Wednesday 8 August 2012 12:21:33 CDT (UTC-05:00)  |  | Baseball | Travel#
Tuesday 7 August 2012

The 30-Park Geas took me to Petco Park last night, where the 4th-place Padres beat the 4th-place Cubs:

I thought the park was OK. Like some of the other 21st-century parks, it seemed to lack character. It felt more corporate than, say, Camden Yards or even AT&T Park. The fans seemed to agree, as only about 27,000 showed up (out of a capacity of over 42,000.

But the lack of demand for seats let me get an 8th-row field box for under $80. And that, in turn, let me get photos like this one of Alfonso Soriano stealing 3rd:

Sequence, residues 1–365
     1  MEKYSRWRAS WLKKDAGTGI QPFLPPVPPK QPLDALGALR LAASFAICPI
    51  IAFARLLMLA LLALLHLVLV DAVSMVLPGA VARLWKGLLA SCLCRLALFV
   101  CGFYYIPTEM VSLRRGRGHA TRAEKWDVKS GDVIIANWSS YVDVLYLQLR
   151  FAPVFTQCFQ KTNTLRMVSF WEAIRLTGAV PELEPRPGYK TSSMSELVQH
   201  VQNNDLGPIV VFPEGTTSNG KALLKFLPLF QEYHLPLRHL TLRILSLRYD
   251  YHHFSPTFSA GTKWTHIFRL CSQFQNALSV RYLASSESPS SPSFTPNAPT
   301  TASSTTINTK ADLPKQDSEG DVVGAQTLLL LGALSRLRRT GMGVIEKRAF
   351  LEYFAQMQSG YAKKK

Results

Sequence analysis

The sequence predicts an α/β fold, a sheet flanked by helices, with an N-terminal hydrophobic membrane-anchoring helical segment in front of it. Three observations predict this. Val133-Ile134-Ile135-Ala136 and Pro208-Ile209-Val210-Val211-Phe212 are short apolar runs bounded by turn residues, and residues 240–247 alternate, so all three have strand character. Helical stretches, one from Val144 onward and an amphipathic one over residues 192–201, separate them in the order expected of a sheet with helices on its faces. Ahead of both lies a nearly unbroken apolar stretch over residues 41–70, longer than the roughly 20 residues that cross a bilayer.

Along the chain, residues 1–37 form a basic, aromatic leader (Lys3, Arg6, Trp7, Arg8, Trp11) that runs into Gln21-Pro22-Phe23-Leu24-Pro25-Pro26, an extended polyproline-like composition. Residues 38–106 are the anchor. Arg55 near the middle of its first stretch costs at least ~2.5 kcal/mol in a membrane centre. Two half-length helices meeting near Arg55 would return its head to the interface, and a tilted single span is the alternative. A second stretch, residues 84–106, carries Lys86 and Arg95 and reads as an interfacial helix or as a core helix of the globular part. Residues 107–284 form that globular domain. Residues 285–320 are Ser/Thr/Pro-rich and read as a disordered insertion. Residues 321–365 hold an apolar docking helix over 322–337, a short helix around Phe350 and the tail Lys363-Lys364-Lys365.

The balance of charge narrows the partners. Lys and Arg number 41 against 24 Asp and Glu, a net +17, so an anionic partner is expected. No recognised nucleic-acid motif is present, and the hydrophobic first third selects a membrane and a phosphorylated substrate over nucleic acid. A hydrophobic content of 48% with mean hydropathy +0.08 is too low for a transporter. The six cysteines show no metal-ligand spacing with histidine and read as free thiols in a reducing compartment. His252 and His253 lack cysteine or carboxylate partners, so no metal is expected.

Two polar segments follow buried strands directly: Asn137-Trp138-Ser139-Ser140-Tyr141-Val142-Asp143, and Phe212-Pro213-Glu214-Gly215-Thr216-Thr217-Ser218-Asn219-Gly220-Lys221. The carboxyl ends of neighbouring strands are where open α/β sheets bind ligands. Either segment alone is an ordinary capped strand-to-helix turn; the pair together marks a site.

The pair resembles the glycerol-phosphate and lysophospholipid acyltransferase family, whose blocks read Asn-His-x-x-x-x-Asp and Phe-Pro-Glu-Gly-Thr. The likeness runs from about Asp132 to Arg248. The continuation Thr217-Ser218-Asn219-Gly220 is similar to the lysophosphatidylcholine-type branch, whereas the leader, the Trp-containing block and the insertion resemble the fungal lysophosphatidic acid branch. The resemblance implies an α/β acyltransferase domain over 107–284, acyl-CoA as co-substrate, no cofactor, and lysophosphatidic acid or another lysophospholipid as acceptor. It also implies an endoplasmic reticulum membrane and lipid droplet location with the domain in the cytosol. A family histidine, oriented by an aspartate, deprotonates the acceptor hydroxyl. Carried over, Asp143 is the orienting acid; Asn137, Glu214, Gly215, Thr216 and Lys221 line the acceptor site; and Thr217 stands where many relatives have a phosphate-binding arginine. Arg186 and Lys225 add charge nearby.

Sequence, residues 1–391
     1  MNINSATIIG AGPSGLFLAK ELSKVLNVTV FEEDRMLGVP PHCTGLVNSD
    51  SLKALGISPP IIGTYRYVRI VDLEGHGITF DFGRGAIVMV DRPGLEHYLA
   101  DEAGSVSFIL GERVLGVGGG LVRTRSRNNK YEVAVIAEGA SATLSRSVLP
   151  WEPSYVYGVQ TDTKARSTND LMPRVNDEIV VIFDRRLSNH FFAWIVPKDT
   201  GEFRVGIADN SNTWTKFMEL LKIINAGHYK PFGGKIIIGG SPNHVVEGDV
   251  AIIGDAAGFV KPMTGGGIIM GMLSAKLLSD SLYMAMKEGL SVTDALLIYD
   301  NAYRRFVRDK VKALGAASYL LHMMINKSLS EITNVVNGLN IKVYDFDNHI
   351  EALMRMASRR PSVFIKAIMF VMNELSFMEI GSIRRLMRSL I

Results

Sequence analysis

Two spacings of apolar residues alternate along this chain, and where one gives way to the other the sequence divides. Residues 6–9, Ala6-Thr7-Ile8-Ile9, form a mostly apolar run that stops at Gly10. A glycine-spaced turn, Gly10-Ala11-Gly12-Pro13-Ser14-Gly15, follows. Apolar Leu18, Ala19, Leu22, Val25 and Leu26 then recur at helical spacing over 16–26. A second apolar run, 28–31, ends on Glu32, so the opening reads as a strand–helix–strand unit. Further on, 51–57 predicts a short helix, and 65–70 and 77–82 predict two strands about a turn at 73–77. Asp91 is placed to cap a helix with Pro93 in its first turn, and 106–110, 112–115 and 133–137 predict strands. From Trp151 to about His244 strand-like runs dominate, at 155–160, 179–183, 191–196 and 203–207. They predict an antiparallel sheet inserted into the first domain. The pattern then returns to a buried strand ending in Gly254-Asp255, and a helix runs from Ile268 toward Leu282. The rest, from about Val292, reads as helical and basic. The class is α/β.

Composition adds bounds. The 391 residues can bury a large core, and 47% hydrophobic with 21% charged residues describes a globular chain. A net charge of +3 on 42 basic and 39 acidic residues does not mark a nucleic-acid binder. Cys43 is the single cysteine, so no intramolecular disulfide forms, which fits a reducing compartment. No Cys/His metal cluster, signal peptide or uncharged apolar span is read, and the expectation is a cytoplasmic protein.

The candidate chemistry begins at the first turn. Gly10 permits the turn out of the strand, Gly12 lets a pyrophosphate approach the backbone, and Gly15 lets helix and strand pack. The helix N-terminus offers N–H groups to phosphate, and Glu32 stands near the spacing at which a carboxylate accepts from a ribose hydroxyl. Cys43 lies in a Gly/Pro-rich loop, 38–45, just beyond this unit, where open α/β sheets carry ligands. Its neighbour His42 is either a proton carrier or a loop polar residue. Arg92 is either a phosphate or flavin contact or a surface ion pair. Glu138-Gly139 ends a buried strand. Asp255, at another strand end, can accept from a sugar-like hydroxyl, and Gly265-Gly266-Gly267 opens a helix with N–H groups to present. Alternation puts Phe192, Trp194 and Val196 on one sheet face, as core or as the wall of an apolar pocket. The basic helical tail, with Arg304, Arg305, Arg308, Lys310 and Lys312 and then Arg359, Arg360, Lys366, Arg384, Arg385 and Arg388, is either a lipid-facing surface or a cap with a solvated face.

Or this one of Travis Wood pitching:

I'm now up the coast, at my folks' house. More photos tomorrow.

Tuesday 7 August 2012 15:26:07 PDT (UTC-07:00)  |  | Baseball | Cubs | Travel#

I'm in San Diego for tonight's Cubs game. Both teams are near the bottom of their divisions, and both have had solid losing streaks lately, so this should be a fascinating game.

While here, I took the advice of one of my oldest-surviving friends—really, she'd inflict violence if I said how long we've known each other—and went over to Coronado for lunch at Alexander's Pizza. Good advice; it was one of the best slices of pie I've had in years.

Coming back, I couldn't help notice this passing by:

That is littorally huge an amphibious transport dock, the USS Green Bay, designed to carry a battalion of 800 marines hither and yon. Apparently it's heading home, to Naval Base San Diego.

Monday 6 August 2012 17:21:00 PDT (UTC-07:00)  |  | Kitchen Sink | Travel#
Monday 6 August 2012